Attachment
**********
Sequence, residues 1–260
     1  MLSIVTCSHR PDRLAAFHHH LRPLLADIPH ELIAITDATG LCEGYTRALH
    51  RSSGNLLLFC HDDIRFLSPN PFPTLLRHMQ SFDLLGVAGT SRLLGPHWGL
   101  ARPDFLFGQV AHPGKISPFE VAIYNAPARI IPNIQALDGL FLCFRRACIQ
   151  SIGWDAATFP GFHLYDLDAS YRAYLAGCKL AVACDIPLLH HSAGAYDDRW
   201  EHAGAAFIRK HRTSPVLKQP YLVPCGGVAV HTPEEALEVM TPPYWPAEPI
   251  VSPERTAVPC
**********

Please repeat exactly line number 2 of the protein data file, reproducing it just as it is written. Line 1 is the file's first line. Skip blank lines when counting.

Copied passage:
     1  MLSIVTCSHR PDRLAAFHHH LRPLLADIPH ELIAITDATG LCEGYTRALH